matches = bf.match(train_desc, query_desc)

# Sort the matches in the order of their distance.
matches = sorted(matches, key = lambda x:x.distance)

# draw the top N matches
N_MATCHES = 100

match_img = cv2.drawMatches(
train_img, train_kp,
query_img, query_kp,
matches[:N_MATCHES], query_img.copy(), flags=0)

plt.figure(3)
plt.imshow(match_img)
plt.show()



The visualization of how the SIFT features match up each other across the two images is as follow:

So till now we have found the keypoints and descriptors for the train and query images and then matched top keypoints and visualized it. But this is still not sufficient to find the object.

For that, we can use a function cv2.findHomography(). If we pass the set of points from both the images, it will find the perpective transformation of that object. Then we can use cv2.perspectiveTransform() to find the object. It needs atleast four correct points to find the transformation.

So now we will use a train image and then try to detect it in the real-time.

import cv2
import numpy as np
import matplotlib.pyplot as plt

# Threshold
MIN_MATCH_COUNT=30

# Initiate SIFT detector
sift=cv2.xfeatures2d.SIFT_create()

# Create the Flann Matcher object
FLANN_INDEX_KDITREE=0
flannParam=dict(algorithm=FLANN_INDEX_KDITREE,tree=5)
flann=cv2.FlannBasedMatcher(flannParam,{})

train_img = cv2.imread("obama1.jpg",0)  # train image
# find the keypoints and descriptors with SIFT
kp1,desc1 = sift.detectAndCompute(train_img,None)
# draw keypoints of the train image
train_img_kp= cv2.drawKeypoints(train_img,kp1,None,(255,0,0),4)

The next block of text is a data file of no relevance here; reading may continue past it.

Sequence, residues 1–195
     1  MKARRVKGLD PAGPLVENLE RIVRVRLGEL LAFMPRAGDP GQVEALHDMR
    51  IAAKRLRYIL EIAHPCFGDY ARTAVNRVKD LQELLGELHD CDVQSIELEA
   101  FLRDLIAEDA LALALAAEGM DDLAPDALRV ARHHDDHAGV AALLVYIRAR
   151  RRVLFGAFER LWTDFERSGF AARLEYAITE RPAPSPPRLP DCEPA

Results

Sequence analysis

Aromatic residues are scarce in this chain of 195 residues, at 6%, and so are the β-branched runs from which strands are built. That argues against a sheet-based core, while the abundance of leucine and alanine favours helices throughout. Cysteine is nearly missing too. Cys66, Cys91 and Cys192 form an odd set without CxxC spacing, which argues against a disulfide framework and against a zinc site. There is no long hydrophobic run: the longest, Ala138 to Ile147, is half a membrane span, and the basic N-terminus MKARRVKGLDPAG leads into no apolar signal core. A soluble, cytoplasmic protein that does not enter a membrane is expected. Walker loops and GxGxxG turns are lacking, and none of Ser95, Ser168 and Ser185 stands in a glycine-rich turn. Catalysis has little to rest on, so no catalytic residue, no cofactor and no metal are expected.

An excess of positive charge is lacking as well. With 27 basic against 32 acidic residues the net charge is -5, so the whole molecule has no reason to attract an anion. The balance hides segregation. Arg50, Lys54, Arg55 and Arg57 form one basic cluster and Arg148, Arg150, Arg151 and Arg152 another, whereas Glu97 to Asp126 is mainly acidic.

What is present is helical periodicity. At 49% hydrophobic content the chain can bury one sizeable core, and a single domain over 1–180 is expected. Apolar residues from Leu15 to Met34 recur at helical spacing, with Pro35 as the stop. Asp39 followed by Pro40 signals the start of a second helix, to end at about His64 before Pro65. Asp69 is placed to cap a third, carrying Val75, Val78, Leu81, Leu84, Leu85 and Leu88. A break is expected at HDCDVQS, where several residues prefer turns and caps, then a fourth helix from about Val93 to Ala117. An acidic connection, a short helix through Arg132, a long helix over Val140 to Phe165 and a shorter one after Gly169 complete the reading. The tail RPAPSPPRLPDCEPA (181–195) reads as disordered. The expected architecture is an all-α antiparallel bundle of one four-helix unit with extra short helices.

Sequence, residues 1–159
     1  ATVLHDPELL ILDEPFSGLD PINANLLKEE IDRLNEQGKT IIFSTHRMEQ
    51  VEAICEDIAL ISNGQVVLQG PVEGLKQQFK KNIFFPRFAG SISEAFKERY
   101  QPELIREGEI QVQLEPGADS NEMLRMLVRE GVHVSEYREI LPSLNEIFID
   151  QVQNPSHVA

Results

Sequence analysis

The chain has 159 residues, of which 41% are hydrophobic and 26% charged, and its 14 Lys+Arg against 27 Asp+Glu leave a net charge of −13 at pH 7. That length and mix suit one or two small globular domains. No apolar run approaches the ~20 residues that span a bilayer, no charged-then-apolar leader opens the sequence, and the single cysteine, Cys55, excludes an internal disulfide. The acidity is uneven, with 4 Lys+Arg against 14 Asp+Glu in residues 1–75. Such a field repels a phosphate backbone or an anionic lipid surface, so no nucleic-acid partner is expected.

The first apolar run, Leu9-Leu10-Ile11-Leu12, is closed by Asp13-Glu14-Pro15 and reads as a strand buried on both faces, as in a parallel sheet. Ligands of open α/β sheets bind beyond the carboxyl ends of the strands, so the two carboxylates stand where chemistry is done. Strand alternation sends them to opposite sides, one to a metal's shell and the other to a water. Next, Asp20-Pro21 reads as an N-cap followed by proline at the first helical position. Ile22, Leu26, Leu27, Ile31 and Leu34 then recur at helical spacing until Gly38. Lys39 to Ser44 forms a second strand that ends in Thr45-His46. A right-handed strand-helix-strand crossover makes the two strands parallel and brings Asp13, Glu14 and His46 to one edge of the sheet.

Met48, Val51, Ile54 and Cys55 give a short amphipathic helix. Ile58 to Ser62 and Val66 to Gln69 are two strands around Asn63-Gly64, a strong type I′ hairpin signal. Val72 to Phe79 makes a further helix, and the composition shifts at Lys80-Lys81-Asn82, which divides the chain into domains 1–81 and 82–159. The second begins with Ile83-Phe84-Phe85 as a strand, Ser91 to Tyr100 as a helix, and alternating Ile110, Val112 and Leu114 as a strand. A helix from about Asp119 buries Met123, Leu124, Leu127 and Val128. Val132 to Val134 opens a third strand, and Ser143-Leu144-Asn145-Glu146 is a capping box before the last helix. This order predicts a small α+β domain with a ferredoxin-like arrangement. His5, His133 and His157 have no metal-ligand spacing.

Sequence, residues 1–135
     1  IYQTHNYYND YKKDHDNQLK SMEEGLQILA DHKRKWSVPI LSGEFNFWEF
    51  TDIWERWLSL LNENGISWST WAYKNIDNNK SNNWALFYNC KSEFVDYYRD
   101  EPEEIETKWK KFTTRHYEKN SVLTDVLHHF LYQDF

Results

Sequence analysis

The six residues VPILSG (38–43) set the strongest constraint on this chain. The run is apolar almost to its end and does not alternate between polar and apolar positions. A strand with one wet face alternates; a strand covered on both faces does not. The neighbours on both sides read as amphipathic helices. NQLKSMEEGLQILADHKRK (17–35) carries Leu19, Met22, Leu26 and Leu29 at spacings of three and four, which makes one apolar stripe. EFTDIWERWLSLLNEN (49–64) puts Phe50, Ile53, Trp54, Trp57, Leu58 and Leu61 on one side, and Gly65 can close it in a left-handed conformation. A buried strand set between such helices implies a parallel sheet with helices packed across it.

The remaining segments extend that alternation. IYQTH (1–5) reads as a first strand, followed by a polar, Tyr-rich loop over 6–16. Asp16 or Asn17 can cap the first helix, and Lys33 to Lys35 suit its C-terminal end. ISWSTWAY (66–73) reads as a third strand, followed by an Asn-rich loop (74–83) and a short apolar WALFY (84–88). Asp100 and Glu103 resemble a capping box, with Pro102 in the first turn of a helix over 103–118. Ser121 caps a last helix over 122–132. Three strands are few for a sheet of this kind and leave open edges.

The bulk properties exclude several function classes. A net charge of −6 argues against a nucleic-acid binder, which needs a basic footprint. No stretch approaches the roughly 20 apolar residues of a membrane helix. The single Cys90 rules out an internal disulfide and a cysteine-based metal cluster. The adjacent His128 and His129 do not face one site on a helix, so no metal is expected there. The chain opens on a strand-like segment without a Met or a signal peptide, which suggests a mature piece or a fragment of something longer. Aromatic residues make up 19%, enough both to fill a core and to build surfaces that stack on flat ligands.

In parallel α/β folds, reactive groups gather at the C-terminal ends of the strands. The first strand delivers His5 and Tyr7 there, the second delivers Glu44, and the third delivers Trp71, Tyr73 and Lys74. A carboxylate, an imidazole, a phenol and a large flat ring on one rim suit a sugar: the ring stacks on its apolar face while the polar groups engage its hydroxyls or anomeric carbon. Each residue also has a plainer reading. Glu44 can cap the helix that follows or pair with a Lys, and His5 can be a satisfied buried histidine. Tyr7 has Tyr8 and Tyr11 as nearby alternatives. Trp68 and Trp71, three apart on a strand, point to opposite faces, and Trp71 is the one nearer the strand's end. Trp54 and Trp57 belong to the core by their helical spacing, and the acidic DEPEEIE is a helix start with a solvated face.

# show the train image keypoints
plt.imshow(train_img_kp)
plt.show()

# start capturing video
cap = cv2.VideoCapture(0)

while True:
# turn the frame captured into grayscale.
gray = cv2.cvtColor(frame,cv2.COLOR_BGR2GRAY)
# find the keypoints and descriptors with SIFT  of the frame captured.
kp2, desc2 = sift.detectAndCompute(gray,None)

# Obtain matches using K-Nearest Neighbor Method.
#'matches' is the number of similar matches found in both images.
matches=flann.knnMatch(desc2,desc1,k=2)

# store all the good matches as per Lowe's ratio test.
goodMatch=[]
for m,n in matches:
if(m.distance<0.75*n.distance):
goodMatch.append(m)

# If enough matches are found, we extract the locations of matched keypoints in both the images.
# They are passed to find the perpective transformation.
# Then we are able to locate our object.
if(len(goodMatch)>MIN_MATCH_COUNT):
tp=[]  # src_pts
qp=[]  # dst_pts
for m in goodMatch:
tp.append(kp1[m.trainIdx].pt)
qp.append(kp2[m.queryIdx].pt)
tp,qp=np.float32((tp,qp))

H,status=cv2.findHomography(tp,qp,cv2.RANSAC,3.0)

h,w = train_img.shape
train_outline= np.float32([[[0,0],[0,h-1],[w-1,h-1],[w-1,0]]])
query_outline = cv2.perspectiveTransform(train_outline,H)

cv2.polylines(frame,[np.int32(query_outline)],True,(0,255,0),5)
cv2.putText(frame,'Object Found',(50,50), cv2.FONT_HERSHEY_COMPLEX, 2 ,(0,255,0), 2)
print("Match Found-")
print(len(goodMatch),MIN_MATCH_COUNT)

else:
print("Not Enough match found-")
print(len(goodMatch),MIN_MATCH_COUNT)
cv2.imshow('result',frame)

if cv2.waitKey(1) == 13:
break
cap.release()
cv2.destroyAllWindows()



Result :

To see the full code for this post check out this repository